Do judges at the CJEU have any
prior experience of copyright law? Why do some member states
file far more submissions to the Court than others, and does
this kind of strategic litigation help parties win? Who sues in
the small claims track in London’s IPEC and what
is their chance of winning?
These were some of the questions raised at a CREATe
litigation workshop organised in London last week, as academics
from across the UK outlined their latest research on copyright
Marcella Favale and Martin Kretschmer introduced their work
on copyright jurisprudence at the Court of Justice of the EU,
recently published in the
Modern Law Review. They, along with Paul
Torremans, have studied data on copyright and database cases
brought before the CJEU, including analysing the allocation of
cases to chambers within the courts, the composition of those
chambers, and the judgments themselves.
One judge, Jiří
Malenovský, has served as rapporteur on 24 out of the 40
copyright cases the researchers studied.
They concluded that no judge had any specialism in copyright
law before joining the Court, instead learning "on the job". To
compensate for a lack of prior expertise, the Court appears to
allocate copyright cases to particular chambers and judges. One
judge, Jiří Malenovský, has served as
rapporteur on 24 out of the 40 copyright cases the researchers
studied. Malenovský is less likely than other judges at
the Court to broaden the rights of copyright owners because he
is more likely to interpret copyright narrowly and copyright
law exceptions broadly.
Steering judicial policy
Now the researchers have turned their attention to the way
in which member states try to reverse or shape copyright law by
filing written submissions in cases referred to the CJEU by the
national courts. By looking at documents in more than 70
copyright and database law cases, the academics have
established that some countries, including Italy, France, the
UK, Spain, Poland and Germany, file far more written
observations than others.
Some countries, including Italy, France,
the UK, Spain, Poland and Germany, file far more written
observations than others.
This is not a simple case of governments supporting
litigants from their own countries. Many of their submissions
relate to disputes originating in other member states,
involving parties from other countries. In contrast,
Scandinavian countries are far less likely to intervene: they
submit fewer written observations to the CJEU than their
national courts make preliminary references to it.
"Some member states use strategic litigation such as
preliminary references to steer judicial policy," said Favale.
"They also use good written observations to try to reverse
legislation that they unsuccessfully opposed in the European
Now the researchers are trying to assess the importance of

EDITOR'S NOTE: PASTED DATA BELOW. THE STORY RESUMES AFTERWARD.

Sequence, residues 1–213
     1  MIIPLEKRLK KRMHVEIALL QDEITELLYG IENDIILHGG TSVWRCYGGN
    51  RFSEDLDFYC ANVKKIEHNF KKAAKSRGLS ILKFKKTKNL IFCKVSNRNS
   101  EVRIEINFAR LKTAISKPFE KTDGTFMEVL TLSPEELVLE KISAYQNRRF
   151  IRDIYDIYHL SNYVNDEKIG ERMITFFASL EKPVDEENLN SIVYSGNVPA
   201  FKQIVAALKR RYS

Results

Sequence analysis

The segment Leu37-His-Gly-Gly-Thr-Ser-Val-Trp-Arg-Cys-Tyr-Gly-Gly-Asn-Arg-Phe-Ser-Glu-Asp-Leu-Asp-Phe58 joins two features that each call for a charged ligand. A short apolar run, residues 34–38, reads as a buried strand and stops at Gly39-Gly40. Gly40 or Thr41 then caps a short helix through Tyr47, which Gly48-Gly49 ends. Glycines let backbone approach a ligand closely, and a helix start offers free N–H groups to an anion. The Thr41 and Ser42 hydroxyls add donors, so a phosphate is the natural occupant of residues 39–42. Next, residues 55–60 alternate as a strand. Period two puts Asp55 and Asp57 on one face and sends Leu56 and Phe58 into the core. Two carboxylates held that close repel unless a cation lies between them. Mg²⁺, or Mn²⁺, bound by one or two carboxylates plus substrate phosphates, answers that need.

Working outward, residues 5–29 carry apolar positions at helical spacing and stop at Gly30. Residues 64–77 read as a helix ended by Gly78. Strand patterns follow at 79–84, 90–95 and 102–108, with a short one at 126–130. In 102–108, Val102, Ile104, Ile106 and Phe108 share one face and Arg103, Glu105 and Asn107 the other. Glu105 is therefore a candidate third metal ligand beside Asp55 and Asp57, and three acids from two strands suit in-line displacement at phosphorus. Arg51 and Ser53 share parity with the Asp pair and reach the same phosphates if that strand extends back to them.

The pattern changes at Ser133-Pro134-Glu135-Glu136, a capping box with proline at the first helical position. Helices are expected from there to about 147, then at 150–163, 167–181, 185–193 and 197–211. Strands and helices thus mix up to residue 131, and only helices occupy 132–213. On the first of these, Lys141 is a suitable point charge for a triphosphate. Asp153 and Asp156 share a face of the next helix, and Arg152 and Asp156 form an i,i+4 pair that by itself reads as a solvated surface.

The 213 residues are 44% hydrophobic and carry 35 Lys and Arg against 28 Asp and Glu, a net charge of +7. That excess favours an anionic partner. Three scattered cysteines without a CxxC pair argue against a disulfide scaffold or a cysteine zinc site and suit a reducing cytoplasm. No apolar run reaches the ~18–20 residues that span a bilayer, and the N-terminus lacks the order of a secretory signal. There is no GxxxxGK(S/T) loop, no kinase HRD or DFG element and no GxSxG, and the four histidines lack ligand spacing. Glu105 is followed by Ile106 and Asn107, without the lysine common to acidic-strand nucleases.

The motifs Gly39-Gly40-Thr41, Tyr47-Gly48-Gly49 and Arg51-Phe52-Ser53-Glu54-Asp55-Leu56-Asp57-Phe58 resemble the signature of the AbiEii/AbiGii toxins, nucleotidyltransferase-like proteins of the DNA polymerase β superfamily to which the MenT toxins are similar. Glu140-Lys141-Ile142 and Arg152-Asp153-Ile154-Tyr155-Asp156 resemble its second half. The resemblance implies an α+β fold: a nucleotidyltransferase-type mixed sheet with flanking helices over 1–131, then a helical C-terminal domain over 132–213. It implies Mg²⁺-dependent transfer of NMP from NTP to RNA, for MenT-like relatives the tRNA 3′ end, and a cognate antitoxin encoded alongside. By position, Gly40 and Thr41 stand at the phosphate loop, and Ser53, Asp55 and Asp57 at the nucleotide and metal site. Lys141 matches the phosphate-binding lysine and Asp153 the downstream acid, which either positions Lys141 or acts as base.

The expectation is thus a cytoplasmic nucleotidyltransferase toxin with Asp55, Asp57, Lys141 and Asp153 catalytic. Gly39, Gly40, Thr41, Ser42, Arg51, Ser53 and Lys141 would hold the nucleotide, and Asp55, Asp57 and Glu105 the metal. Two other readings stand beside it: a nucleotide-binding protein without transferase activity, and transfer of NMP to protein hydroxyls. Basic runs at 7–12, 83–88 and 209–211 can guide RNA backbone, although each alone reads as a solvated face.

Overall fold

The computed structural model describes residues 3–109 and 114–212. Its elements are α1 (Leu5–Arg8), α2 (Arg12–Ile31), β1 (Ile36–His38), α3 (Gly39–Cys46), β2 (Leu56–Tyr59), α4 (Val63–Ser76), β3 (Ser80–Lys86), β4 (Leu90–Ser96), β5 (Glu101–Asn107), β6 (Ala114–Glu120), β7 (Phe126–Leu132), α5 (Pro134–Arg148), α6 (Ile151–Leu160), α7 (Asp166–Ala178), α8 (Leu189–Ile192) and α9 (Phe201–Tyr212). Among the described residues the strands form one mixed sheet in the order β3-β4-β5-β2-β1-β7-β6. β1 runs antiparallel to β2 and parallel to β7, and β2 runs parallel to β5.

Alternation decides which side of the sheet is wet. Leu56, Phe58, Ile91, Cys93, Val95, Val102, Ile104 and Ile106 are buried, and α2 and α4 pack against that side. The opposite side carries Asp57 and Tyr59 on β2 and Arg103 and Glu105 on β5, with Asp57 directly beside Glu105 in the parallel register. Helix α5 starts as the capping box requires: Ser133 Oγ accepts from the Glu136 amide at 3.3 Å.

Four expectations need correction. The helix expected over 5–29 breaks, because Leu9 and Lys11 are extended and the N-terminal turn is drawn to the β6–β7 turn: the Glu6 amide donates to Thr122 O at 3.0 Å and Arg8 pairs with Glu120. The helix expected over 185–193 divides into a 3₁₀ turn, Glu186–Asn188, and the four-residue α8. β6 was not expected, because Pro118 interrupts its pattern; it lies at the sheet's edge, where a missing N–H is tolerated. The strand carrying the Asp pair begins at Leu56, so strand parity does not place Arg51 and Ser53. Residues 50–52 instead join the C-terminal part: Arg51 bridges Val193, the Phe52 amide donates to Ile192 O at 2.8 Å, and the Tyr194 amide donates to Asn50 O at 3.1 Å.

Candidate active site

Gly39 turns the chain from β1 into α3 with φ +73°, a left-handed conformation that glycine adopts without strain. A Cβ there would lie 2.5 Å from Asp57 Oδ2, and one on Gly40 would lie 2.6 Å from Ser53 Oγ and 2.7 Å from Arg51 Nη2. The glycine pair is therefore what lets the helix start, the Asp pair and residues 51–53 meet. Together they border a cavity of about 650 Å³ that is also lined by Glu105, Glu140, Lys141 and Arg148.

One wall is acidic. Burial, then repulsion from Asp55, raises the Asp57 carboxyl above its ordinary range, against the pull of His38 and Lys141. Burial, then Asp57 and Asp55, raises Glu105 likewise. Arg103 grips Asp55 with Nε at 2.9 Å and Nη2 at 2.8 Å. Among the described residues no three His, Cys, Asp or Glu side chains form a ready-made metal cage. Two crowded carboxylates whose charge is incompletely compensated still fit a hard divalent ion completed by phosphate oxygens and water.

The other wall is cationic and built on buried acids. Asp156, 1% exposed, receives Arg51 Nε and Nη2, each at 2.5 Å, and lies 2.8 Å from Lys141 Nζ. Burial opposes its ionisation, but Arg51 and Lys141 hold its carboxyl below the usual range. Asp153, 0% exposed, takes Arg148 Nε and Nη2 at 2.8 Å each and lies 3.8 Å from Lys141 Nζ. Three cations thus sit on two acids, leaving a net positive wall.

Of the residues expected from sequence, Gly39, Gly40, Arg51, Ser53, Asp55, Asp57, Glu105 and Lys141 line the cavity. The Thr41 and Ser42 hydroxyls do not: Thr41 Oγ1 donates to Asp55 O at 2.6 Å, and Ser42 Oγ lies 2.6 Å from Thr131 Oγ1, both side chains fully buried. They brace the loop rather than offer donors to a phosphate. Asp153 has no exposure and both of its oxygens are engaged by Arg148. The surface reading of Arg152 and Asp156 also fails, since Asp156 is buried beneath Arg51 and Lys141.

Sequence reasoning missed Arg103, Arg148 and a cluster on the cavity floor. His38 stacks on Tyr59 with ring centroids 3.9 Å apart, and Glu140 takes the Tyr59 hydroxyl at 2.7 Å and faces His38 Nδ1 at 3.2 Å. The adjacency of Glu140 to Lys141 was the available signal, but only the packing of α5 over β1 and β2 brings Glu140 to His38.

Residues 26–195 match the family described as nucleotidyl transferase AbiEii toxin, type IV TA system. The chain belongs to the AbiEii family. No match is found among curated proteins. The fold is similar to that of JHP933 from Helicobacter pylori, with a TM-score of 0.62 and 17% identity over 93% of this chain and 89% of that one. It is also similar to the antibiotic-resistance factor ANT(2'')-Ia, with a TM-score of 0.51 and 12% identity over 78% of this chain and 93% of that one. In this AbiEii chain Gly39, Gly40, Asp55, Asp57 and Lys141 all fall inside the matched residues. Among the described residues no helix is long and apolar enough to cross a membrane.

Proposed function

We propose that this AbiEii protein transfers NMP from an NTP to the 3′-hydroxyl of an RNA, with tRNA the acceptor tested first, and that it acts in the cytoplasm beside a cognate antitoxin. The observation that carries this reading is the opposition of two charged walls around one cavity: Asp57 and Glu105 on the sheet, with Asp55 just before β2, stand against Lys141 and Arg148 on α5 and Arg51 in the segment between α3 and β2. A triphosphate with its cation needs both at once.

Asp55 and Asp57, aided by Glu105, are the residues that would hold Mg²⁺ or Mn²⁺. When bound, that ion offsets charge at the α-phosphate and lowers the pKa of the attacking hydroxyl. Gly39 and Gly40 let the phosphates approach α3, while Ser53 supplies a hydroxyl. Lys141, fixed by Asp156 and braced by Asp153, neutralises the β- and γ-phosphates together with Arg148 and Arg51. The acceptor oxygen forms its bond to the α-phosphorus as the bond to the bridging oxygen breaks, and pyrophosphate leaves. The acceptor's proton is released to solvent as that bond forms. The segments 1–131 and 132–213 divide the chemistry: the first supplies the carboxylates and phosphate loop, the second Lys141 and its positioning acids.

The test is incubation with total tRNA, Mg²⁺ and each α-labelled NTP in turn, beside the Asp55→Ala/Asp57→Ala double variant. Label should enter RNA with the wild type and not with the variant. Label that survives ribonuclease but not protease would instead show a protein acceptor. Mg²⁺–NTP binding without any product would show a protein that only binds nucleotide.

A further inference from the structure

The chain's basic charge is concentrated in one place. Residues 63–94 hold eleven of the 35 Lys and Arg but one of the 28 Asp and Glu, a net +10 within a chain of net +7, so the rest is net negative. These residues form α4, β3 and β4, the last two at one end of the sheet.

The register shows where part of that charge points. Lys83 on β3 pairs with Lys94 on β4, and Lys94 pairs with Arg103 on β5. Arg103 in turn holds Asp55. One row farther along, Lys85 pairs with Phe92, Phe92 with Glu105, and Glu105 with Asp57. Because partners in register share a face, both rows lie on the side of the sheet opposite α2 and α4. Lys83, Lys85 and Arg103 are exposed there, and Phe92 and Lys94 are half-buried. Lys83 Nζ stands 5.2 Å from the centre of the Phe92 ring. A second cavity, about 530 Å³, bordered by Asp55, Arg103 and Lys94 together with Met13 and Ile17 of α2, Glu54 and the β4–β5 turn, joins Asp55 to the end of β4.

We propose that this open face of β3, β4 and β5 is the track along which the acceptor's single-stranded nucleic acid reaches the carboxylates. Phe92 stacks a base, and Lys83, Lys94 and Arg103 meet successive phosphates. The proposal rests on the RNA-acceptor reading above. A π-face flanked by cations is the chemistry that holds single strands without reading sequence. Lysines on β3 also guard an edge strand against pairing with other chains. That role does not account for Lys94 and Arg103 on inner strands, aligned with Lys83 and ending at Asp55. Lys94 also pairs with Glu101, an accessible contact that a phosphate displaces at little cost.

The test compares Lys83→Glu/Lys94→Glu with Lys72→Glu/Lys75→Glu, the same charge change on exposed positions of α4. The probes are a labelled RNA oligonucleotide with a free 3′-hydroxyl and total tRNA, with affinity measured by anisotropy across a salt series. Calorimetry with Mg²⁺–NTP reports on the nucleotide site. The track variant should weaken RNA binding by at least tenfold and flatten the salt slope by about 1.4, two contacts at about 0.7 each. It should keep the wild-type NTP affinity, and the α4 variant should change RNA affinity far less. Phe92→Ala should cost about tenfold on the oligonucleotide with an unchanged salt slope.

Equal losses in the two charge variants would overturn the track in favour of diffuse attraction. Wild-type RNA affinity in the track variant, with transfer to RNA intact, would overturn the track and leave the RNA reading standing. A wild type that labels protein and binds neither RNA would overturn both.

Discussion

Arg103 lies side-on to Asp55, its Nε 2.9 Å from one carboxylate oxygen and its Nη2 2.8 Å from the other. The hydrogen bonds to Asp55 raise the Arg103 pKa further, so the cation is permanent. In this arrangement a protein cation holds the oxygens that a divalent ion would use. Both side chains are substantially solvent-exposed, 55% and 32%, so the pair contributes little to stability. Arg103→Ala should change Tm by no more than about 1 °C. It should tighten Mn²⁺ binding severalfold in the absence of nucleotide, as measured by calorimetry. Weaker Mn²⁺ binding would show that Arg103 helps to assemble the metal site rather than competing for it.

submissions made by member states and by the European
Commission. So far, they have found the greatest correlation
between the arguments submitted by the European Commission and
the decision issued by the Court.
IPEC small claims track
In a session focused on the UK, Sheona Burrow outlined her
research on cases brought before the Intellectual Property
Enterprise Court using its small claims track. The procedure is
supposed to be relatively quick and informal. Claims are
limited to £10,000 and the costs the successful party can
claim are limited.
Photographers are heavy users of the small
claims track, representing almost half of claimants and nearly
three-quarters of repeat claimants.
Burrow – like many of the researchers at the
workshop – recounted the difficulties of accessing
court data, explaining that files are stored in different parts
of buildings without a cohesive electronic filing system.
Claimants, many of whom are unrepresented, are often
uncertain about the detail of the law applicable to their case,
requiring researchers who want to classify them to digest the
details of the dispute rather than relying on the claim forms
submitted in the case. Nearly 80% of claims specify copyright
law, although the small claims track can also be used for trade
mark, passing off and unregistered design cases.
Burrow’s data suggests that photographers are
heavy users of the small claims track, representing almost half
of claimants and nearly three-quarters of repeat claimants.
Although photographers whose copyright is infringed often face
a more straightforward evidentiary hurdle than other IP owners,
there is still scope for those in other parts of the creative
industries to make better use of the small claims track to
enforce their rights, she said.
Most disputes are resolved in favour of the claimant, but
their chances of prevailing are not significantly affected by
having legal representation. There is better news for lawyers
looking for work when it comes to defendants, however.
Burrow’s data shows that a defendant with legal
representation is more likely to win his or her case than one
In a session on IP litigation in Scotland, Jane Cornwell
explained that a relatively large number of copyright cases
heard in the Scottish courts are brought by parties outside the
creative industries, reminding policymakers that businesses in
the oil and gas and the professional services sectors are just
as likely to have rights in copyright material as textile
producers in the Highlands or musicians in Edinburgh.
Research projects in CREATe’s litigation
streams have been designed to offer an empirical picture of
copyright litigation at all levels in the UK. The findings will
be presented at the CREATe
Festival in June.
Emma Barraclough is an Industry Fellow with CREATe